The new prime minister of Greece, Alexis Tsipras, has made history already: Tsipras, an avowed atheist, is Greece’s first leader to swear a nonreligious oath upon taking office. The Economist writes that, upon winning election this week, Tsipras “politely” informed the archbishop of Athens of his unprecedented decision:
It’s hard to overstate what a rupture this marks with the ceremonial culture of Greece. For as long as anybody can remember, every senior office-holder, from socialists to right-wing dictators, has assumed the post with a ritual involving Bibles, crosses and often holy water, sprinkled about with a sprig of basil. The opening words of the Greek constitution recall the theological formulas of the early church which predate by the Hellenic state by more than 1,300 years: “In the name of the holy, consubstantial and indivisible Trinity……”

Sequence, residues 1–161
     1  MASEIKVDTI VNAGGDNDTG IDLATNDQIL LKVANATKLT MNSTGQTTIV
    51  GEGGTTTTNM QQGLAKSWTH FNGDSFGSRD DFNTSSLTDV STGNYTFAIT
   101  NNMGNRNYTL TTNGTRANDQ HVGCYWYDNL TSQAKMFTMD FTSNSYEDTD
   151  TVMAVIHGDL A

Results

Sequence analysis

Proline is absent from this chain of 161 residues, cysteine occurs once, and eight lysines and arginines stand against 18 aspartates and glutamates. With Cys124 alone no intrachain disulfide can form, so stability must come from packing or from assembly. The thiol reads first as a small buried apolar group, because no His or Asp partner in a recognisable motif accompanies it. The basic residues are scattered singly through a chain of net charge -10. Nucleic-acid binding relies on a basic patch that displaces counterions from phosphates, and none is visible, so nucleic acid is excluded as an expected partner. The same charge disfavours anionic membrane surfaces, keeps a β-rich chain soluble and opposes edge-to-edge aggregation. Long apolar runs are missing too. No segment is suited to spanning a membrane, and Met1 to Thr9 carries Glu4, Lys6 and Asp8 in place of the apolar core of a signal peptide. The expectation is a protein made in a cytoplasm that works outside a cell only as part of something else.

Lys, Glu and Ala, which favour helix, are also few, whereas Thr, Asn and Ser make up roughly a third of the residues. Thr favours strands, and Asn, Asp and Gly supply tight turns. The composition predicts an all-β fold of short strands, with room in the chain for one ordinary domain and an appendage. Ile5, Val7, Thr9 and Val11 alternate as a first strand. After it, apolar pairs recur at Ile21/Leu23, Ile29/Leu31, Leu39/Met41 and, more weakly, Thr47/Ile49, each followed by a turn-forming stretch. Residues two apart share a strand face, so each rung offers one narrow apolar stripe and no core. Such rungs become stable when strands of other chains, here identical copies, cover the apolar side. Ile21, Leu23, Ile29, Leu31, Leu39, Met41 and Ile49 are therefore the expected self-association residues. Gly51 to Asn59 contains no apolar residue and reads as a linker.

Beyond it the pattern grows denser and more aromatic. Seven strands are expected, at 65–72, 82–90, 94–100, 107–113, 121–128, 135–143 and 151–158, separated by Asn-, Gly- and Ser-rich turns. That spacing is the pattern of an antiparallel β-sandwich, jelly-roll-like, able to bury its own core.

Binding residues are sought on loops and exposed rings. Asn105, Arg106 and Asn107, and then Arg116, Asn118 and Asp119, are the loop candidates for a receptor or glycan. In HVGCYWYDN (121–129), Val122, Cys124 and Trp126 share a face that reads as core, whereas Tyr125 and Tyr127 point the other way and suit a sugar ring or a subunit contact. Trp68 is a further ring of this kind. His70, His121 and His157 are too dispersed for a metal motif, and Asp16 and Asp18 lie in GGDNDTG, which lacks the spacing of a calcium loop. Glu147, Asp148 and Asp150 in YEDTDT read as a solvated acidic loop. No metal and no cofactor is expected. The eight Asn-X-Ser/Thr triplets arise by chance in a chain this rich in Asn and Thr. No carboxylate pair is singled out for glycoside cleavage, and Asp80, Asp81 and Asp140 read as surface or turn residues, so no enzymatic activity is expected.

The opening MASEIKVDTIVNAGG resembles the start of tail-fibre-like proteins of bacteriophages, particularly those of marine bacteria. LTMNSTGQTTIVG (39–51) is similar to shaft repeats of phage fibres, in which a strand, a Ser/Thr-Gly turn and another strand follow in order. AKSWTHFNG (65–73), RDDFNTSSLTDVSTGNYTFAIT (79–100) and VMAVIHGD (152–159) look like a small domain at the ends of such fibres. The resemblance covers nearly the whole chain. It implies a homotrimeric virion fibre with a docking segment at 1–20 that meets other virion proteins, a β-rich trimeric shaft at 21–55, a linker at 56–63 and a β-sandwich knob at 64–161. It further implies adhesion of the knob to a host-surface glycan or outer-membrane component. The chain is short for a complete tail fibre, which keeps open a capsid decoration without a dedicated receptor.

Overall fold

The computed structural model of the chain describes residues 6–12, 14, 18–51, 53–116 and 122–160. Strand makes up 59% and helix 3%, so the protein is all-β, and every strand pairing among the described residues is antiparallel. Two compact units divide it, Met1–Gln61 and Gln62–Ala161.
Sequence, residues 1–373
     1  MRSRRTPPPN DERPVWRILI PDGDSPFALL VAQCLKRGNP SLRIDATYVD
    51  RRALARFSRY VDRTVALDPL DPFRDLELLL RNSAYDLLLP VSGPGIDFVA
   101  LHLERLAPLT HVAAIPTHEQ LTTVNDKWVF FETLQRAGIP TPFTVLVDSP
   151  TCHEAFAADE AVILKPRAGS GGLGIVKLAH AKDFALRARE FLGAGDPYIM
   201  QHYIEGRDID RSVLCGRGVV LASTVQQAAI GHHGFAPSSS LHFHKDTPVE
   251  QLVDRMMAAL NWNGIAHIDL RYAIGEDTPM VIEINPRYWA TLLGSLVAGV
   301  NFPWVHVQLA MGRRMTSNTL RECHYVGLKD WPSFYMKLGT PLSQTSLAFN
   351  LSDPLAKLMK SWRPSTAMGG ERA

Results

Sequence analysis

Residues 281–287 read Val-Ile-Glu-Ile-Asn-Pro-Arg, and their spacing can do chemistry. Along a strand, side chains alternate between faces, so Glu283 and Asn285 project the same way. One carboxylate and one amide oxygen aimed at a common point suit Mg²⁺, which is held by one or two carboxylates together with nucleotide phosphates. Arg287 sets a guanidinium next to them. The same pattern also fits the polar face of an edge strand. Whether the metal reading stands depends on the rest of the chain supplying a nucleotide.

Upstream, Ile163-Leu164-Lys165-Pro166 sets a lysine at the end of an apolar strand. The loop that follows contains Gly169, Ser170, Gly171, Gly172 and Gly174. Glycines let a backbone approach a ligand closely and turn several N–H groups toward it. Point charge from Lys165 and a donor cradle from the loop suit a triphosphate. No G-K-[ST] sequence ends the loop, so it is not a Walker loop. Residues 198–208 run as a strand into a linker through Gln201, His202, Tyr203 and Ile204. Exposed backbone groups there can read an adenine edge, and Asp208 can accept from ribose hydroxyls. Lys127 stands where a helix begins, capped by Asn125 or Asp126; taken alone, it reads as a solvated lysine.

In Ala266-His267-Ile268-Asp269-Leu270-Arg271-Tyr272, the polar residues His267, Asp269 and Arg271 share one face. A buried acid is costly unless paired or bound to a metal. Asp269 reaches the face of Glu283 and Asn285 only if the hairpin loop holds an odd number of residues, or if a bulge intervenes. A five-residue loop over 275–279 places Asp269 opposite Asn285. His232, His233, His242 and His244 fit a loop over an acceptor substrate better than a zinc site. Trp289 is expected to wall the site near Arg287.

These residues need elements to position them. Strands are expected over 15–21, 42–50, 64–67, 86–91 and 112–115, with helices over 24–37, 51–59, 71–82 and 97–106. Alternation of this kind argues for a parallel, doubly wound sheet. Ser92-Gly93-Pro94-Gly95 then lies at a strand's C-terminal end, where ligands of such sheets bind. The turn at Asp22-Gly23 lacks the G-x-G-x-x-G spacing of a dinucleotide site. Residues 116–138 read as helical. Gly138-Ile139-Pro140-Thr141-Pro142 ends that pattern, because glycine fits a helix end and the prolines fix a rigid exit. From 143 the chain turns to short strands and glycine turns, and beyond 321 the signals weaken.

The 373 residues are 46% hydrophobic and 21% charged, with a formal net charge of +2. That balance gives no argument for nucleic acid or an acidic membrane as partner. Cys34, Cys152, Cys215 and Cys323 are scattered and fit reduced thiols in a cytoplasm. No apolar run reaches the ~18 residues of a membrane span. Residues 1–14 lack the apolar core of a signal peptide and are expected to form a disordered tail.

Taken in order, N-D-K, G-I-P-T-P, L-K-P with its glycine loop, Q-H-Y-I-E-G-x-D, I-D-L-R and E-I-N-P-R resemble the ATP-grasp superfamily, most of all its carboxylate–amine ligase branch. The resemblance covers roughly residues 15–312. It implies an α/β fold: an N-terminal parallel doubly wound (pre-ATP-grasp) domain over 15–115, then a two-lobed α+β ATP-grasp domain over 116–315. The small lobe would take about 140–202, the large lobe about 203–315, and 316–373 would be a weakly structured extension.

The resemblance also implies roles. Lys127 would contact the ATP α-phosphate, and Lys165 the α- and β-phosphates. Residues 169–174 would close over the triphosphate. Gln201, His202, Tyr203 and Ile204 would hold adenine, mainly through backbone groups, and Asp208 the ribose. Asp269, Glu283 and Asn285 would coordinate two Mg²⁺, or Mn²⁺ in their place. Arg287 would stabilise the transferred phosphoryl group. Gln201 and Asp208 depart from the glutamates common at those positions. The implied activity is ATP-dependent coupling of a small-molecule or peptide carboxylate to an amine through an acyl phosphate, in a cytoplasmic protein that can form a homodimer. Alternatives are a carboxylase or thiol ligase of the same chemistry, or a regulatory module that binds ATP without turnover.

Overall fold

The Economist notes that the prime minister is still building a relationship with the moderate archbishop, who in fact conducted a religious funeral service for Tsipras’ father.